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Lund Viking stool

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  • vinlandar
    I spoke with a fellow yesterday who is a professional joiner of historical reproduction furniture, made in the same way the pieces were originally. He told me
    Message 1 of 2 , Jul 8, 2002
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      I spoke with a fellow yesterday who is a professional
      joiner of historical reproduction furniture, made in the same way the
      pieces were originally. He told me that the wedges I was wondering
      about, which I drove into slots cut in the legs where the legs join
      the seat were accurate to that period. He doesn't have a computer so
      I could not send him the site, but without seeing the stool I made he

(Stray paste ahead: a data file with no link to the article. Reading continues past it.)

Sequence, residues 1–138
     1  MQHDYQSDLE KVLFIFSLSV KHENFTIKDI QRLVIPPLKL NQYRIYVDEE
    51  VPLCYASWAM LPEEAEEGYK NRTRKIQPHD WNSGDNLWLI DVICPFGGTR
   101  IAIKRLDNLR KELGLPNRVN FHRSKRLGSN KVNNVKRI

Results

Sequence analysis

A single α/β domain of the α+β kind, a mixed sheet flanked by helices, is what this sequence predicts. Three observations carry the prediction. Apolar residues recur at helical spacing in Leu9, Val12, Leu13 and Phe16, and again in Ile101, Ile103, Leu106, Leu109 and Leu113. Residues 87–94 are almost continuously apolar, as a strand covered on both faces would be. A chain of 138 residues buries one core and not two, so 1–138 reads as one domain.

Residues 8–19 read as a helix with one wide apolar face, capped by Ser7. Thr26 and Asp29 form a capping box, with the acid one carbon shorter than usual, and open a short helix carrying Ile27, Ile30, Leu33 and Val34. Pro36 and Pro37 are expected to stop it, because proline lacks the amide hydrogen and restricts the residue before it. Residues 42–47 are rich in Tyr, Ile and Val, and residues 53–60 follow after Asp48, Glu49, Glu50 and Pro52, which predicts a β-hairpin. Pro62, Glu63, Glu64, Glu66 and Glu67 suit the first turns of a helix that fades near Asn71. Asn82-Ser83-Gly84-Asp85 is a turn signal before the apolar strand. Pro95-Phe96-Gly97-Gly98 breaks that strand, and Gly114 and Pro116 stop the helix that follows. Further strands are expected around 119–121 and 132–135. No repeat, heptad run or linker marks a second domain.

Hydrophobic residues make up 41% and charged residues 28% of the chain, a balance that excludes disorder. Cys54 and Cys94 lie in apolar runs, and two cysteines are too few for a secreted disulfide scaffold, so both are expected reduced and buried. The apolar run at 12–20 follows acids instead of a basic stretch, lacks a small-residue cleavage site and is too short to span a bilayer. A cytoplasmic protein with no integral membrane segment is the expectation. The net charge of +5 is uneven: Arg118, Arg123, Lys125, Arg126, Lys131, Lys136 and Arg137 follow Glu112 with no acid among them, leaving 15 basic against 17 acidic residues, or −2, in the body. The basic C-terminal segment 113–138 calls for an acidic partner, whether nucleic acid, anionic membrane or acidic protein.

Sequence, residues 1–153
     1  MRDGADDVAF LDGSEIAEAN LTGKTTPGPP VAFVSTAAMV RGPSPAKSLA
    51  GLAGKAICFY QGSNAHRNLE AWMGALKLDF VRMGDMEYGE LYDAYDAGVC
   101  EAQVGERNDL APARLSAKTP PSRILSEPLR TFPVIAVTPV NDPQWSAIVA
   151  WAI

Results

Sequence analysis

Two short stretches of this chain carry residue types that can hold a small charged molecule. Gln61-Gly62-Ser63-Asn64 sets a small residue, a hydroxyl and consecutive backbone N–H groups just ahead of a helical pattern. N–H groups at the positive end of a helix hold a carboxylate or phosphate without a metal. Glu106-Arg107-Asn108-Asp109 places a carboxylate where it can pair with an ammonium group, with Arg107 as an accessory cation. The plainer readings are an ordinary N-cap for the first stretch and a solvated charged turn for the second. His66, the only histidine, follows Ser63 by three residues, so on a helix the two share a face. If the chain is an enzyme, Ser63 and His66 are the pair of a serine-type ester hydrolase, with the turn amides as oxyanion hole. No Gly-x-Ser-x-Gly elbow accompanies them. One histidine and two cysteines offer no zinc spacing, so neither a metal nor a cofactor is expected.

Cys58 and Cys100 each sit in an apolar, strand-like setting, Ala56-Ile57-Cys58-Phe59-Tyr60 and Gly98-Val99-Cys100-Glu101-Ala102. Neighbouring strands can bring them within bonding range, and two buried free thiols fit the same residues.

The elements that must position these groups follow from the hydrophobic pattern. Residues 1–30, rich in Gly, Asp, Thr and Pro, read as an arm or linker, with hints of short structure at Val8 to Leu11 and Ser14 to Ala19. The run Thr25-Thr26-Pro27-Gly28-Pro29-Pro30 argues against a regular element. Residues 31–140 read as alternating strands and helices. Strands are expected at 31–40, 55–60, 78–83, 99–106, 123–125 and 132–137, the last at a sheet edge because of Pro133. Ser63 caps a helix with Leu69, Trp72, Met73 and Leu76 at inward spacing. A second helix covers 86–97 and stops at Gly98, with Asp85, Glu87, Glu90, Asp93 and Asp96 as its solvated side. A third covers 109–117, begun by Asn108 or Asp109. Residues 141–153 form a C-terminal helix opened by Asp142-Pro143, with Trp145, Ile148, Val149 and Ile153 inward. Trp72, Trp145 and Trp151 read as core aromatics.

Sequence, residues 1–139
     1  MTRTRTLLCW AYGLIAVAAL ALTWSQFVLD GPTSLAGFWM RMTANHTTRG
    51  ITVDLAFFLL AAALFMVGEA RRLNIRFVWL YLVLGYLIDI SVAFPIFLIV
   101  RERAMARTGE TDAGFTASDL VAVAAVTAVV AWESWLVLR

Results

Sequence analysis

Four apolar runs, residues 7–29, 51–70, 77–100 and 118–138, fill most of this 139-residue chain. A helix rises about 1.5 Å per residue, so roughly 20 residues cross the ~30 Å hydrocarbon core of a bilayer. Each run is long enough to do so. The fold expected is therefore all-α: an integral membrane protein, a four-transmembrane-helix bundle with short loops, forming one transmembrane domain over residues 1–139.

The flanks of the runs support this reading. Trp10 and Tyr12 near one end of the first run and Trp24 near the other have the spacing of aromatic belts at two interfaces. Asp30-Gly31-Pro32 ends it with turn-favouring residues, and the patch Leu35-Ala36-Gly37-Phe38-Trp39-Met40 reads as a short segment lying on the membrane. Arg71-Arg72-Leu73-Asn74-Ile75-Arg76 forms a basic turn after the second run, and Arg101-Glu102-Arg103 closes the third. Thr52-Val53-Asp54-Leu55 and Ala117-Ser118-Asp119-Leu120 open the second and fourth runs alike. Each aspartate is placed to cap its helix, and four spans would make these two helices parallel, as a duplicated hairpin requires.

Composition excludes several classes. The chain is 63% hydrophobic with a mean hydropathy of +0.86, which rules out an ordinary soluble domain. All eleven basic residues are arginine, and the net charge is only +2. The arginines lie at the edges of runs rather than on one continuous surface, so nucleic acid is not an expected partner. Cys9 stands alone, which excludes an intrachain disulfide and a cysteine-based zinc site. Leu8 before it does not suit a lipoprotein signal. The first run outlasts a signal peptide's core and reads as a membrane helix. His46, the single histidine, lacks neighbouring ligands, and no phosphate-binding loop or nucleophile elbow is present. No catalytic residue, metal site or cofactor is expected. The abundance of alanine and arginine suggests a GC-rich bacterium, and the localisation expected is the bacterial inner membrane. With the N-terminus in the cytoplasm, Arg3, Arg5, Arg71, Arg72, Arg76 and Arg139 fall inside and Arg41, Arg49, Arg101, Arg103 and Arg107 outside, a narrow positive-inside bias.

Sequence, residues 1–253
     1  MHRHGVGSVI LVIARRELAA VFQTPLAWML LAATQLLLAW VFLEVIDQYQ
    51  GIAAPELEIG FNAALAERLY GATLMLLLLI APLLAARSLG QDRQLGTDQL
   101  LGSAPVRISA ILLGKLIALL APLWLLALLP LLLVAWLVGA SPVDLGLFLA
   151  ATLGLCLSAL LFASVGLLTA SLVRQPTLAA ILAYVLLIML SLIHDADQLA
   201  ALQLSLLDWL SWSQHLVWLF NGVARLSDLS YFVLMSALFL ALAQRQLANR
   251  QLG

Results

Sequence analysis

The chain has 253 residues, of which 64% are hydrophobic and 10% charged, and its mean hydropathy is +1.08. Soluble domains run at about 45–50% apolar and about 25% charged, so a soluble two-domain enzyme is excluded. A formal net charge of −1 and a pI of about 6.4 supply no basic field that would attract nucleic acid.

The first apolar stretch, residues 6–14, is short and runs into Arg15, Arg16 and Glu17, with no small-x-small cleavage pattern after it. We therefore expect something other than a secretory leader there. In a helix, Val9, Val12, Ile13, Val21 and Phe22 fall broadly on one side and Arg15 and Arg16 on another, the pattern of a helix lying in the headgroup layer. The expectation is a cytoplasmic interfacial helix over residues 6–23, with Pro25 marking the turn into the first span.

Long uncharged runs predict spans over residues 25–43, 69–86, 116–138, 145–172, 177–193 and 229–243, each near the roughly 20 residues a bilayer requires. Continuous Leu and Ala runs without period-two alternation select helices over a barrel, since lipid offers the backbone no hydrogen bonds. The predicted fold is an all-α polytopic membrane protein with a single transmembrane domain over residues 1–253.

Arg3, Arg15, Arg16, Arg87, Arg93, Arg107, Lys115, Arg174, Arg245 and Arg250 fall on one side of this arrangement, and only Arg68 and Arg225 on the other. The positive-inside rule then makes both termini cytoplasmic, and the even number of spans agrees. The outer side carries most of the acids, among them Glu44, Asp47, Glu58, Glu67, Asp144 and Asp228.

also told me that in that period the leg would come through the stool
      and be visible on the top. That is just what we can see from the
      photo of the original seat find. I was pleased to learn that. :-)

      -Charlie
    • vinlandar
      Hej, Another thing I learned in that conversation with the joiner was that the probable reason we see more three legged stools and such in that period rather
      Message 2 of 2 , Jul 8, 2002
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        Hej,

        Another thing I learned in that conversation with the joiner was that
        the probable reason we see more three legged stools and such in that
        period rather than four was because the dirt and stone floors were
        anything but level. A four legged stool would almost always be
        rocking on two legs, whereas the three leggers would be stable. I
        forgo to mention that before. :-)
        >
        > -Charlie
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